**Extrapolation** is the process of using historical data values to predict future values.

The easiest way to extrapolate data in Excel is by using the **TREND** function, which uses the following syntax:

**TREND(known_y’s, [known_x’s], [new_x’s], [const])**

where:

**known_y’s**: The range of known y-values**known_x’s**: The range of known x-values**new_x’s**: The range of new x-values**const**: Whether to force the constant in the trendline equation to be zero.

**Note**: The **TREND** function is designed to be used with data that follows a linear trend. For datasets that exhibit a nonlinear trend, you should use more advanced techniques.

The following step-by-step example shows how to use the **TREND **function to extrapolate data in practice in Excel.

**Step 1: Create the Dataset**

First, let’s enter the values for the following dataset into Excel:

**Step 2: Check if the Data Follows a Linear Trend**

Next, let’s create a scatter plot to check if the data follows a linear trend.

To do so, highlight the range **A2:B14**, then click the **Insert** tab along the top ribbon, then click the **Scatter** icon in the **Charts** group:

The following scatter plot will appear:

From the plot we can see that the points roughly follow a linear trend.

In other words, the points fall roughly along a straight diagonal line.

Thus, we can proceed to use the **TREND** function to extrapolate future data values.

**Note**: If the data exhibits a nonlinear pattern, you may try polynomial curve fitting instead.

**Step 3: Use TREND Function to Extrapolate New Values**

Suppose we would like to use our existing data to extrapolate the y-values for the following new x-values:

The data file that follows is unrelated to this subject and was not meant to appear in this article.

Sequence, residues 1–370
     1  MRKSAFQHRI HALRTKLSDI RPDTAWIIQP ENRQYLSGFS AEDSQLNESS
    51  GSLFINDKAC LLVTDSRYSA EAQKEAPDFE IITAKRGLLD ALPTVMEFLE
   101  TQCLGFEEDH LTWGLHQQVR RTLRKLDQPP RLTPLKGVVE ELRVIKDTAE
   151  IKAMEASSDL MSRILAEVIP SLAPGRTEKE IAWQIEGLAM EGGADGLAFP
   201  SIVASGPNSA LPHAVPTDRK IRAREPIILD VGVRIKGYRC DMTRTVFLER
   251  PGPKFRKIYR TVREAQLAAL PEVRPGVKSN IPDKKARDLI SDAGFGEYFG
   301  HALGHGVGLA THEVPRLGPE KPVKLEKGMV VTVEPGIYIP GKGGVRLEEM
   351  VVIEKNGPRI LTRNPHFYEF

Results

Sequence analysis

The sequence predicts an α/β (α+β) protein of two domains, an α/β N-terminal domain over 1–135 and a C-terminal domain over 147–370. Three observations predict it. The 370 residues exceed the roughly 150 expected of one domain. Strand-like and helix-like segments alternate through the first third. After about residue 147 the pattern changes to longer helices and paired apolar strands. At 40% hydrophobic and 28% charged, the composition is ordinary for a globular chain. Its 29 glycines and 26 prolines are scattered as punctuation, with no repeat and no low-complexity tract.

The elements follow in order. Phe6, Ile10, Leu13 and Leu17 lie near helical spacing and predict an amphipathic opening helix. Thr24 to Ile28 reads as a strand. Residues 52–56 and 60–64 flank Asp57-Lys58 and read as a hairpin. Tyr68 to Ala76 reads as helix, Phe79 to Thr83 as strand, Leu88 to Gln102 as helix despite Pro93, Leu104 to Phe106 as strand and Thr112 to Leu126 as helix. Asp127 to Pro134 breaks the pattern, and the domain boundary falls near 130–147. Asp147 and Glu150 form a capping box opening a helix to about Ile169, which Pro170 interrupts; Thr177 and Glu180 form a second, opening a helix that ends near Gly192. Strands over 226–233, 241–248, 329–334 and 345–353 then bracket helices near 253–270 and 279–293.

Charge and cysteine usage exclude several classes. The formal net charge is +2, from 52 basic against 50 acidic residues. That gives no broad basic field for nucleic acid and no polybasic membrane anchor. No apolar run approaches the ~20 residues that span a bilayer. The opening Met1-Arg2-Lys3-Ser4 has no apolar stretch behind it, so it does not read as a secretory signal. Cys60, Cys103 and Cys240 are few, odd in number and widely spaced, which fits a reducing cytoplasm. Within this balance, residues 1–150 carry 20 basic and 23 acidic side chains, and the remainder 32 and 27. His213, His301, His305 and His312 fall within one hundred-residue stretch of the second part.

**x = 25****x = 30****x = 35**

To do so, we can define these new values in our worksheet and then type the following formula into cell **B17**:

=TREND($B$2:$B$14, $A$2:$A$14, A17)

We can then click and drag this formula down to each of the new values:

Here is how to interpret the output:

- For a value of x = 25, the forecasted value of y is
**26.75229**. - For a value of x = 30, the forecasted value of y is
**31.596**. - For a value of x = 35, the forecasted value of y is
**36.43971**.

If you would like to know the exact formula used to extrapolate these values, you can type the following formula into cell **D2**:

=LINEST(A2:A14, B2:B14)

The following screenshot shows how to use this formula in practice:

The **LINEST** function calculates the linear trendline for the existing data, which turns out to be:

**y = 0.968741x + 2.533759**

The **TREND** function uses this equation under the hood to extrapolate the y-values.

For example, for a value of x = 25, the equation calculates the following:

y = 0.968741*(25) + 2.533759 = **26.75229**

This matches the value calculated by the **TREND** function.

**Additional Resources**

The following tutorials explain how to perform other common tasks in Excel:

How to Create a Sales Forecast in Excel

How to Create a Line of Best Fit in Excel

How to Add a Quadratic Trendline in Excel